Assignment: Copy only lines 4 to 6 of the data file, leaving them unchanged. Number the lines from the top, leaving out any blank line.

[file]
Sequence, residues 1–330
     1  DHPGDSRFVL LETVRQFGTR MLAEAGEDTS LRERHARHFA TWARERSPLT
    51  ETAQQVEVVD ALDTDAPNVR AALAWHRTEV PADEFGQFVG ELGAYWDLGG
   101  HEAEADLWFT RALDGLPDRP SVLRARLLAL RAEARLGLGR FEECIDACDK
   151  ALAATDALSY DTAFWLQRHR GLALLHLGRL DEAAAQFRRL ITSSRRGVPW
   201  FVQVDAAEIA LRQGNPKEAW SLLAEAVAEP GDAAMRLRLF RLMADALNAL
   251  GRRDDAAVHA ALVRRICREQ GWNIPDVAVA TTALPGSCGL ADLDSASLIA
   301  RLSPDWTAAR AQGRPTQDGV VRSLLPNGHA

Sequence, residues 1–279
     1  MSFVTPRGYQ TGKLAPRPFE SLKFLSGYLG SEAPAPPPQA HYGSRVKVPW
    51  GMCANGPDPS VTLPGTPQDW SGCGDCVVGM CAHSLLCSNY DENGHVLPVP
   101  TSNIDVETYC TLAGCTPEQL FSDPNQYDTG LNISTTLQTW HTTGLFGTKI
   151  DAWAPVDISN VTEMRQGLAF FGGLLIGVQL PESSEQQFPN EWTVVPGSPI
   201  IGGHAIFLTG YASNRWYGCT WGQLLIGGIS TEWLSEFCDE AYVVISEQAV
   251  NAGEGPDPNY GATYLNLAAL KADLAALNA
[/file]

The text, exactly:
   101  HEAEADLWFT RALDGLPDRP SVLRARLLAL RAEARLGLGR FEECIDACDK
   151  ALAATDALSY DTAFWLQRHR GLALLHLGRL DEAAAQFRRL ITSSRRGVPW
   201  FVQVDAAEIA LRQGNPKEAW SLLAEAVAEP GDAAMRLRLF RLMADALNAL